Al Aan TV may be just six years old, but it has rapidly taken its place among the region’s best known broadcasters
It’s been non-stop at Al Aan TV recently. The channel was the first to install its own transmitter in revolutionary Tripoli following last year’s uprising, beating both the BBC and Al Jazeera, with several more now in place around the country. With six transmitters from Tripoli to Benghazi, Misrata and beyond, the entire country is able to receive the Al Aan signal from its Dubai HQ. The next step on this front will be to begin transmitting local content for its Libyan audience.
Closer to home, recent market research showed the channel is becoming an increasing favourite among its target demographic of young, professional, Arab women with its mix of culture, fashion and entertainment shows proving especially popular with young, Blackberry-using Emirati women and female Arab expats in Saudi Arabia.
It’s not all entertainment and fashion though. The channel has repeatedly shown it is not afraid to cover the big issues too – in April 2011 it came into the international spotlight when it showed footage of a woman reportedly being stoned to death by the Taliban in Pakistan, while towards the end of the same year it was also the only TV channel in the world to film and report the secret funeral of Muammar Ghadaffi.
Al Aan has certainly made a big impact since its 2006 launch. In September of that year it was announced that the channel was among the first in the Arab world to produce its own content, 24-hours a day, through a combination of its own in-house facilities in Dubai and content outsourced to production companies in Beirut and KSA. There have been plenty more improvements to both content and infrastructure since then too, as Raad Haddadin, head of technical, explains: “We’ve upgraded significantly since launch, most recently the servers. Initially we had only Harris device controllers and one Omneon server with four ports. We’ve now upgraded all that to being HD/SD capable and the infrastructure is all Harris now. We have two new ADC device controllers, eight ports and Nexio Gateway. We’ve also integrated our Avid edit suite with the server. Previously we were transmitting tapeless, but if we wanted to do any editing we had to do so on tape, but the whole workflow is now tapeless.”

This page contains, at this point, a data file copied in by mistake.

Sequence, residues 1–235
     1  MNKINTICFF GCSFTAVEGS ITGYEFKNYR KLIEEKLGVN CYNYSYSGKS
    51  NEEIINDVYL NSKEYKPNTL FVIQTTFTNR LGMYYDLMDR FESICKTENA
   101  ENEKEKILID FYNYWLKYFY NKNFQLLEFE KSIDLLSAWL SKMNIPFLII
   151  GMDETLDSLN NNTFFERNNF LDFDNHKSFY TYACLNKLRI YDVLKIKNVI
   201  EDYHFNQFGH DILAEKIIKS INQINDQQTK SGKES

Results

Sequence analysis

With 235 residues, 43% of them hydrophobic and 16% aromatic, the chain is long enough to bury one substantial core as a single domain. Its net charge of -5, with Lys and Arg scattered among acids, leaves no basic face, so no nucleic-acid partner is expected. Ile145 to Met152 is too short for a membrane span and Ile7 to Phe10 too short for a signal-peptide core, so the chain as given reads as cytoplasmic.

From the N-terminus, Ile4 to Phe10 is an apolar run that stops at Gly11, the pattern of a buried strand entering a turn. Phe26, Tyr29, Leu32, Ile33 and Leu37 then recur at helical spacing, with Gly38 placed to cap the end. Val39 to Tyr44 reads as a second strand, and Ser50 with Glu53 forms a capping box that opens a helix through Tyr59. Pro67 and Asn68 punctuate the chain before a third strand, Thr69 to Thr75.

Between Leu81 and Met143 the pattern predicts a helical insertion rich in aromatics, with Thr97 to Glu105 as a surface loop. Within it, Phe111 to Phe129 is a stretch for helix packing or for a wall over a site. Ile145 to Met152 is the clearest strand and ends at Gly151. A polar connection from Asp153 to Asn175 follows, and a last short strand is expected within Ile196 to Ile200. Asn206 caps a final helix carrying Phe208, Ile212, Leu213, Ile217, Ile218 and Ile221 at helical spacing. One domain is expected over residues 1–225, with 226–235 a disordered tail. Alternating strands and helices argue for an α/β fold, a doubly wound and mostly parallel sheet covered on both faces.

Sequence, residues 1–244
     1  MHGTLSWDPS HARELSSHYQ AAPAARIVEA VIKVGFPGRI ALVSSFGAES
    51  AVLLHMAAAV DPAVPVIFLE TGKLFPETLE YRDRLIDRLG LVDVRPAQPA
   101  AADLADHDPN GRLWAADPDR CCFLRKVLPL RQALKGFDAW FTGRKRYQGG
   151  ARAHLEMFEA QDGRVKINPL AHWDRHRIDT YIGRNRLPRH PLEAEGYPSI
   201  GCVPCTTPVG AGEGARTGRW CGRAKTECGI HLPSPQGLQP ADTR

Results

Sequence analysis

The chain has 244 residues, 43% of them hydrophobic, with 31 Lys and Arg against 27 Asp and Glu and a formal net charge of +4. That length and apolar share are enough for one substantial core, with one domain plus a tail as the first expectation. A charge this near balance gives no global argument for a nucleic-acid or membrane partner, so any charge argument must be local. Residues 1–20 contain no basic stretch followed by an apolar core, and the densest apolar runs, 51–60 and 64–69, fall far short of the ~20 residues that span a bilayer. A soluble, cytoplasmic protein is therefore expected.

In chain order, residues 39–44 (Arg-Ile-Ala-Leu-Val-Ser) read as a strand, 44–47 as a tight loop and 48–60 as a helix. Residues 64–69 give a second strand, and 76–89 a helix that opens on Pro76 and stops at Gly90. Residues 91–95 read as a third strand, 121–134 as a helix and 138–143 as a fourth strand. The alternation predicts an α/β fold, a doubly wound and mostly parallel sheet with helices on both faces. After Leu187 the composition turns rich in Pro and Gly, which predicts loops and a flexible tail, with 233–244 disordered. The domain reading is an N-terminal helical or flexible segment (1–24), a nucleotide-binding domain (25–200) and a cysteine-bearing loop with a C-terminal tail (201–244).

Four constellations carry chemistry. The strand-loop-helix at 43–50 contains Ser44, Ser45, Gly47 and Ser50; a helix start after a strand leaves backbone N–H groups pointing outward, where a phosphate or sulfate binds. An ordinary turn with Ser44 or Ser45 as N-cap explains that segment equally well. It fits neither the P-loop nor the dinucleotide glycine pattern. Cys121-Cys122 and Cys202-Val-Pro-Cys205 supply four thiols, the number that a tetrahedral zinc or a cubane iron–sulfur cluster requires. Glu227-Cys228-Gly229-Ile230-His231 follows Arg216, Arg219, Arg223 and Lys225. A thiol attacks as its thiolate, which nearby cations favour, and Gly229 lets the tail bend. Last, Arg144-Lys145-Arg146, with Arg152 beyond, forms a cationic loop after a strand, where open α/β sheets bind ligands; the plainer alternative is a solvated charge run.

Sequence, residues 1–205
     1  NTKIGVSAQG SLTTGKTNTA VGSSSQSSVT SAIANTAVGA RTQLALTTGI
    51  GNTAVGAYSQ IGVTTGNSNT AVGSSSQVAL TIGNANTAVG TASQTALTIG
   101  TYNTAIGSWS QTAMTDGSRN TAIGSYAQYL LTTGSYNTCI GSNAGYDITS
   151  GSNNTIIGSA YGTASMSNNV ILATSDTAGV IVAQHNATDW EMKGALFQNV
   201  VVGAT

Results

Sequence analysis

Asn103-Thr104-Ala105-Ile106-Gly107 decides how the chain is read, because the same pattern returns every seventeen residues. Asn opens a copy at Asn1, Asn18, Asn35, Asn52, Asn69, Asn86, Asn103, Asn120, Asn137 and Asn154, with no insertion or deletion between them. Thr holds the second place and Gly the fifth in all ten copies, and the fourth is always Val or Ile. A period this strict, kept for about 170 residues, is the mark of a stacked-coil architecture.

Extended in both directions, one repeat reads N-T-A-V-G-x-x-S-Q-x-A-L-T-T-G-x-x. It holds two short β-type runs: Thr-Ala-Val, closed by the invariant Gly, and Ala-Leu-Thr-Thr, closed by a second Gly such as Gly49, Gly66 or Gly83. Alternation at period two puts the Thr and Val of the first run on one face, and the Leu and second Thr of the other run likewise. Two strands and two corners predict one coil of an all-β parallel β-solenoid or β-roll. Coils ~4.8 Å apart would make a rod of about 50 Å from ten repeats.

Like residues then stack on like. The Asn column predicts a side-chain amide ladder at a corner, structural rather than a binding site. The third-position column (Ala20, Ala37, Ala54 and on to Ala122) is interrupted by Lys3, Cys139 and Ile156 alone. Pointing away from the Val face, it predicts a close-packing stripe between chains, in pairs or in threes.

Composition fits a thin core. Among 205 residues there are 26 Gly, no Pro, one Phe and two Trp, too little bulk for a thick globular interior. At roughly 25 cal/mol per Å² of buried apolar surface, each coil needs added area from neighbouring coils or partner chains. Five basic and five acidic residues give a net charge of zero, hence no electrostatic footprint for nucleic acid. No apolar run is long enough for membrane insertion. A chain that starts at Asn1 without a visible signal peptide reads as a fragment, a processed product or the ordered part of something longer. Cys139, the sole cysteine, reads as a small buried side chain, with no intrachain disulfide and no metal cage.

Last year, Al Aan also launched Al Aan Services, making the channel’s equipment and expertise available to third party broadcasters who wish to shoot in, or broadcast from the region: “We have two OB vans complete with SNG, two HD flyaway kits and Sony 350K HD ENG cameras. Any client that wants to shoot HD can do so, and the studios here are also available to hire. The studio on our fifth floor has room for multiple sets, so we can use that area for more than one shoot, and we’ve already had clients like Euronews shooting up there.”
With further improvements planned to Al Aan’s fifth floor studio, it may well become increasingly popular over the coming months, as Haddadin explains: “The whole of the fifth floor will be changing very soon. I’m going to be replacing all the lights – currently we’re using Arri Tungsten, but I’ll be upgrading to Arri LED. With tungsten we’re limited by what we can do up there by the power consumption, and the heat. We can’t run more than one set at a time. I’ll be installing seven new LED sets in July – they consume just 22W of power and give you 1,000W of light.
“On top of that, I’ll be redesigning the Master Control Room. Currently it’s one big room with all the transmission and ingest in it, but soon it will be two separate rooms with all new equipment and more of a 2012 look and feel.
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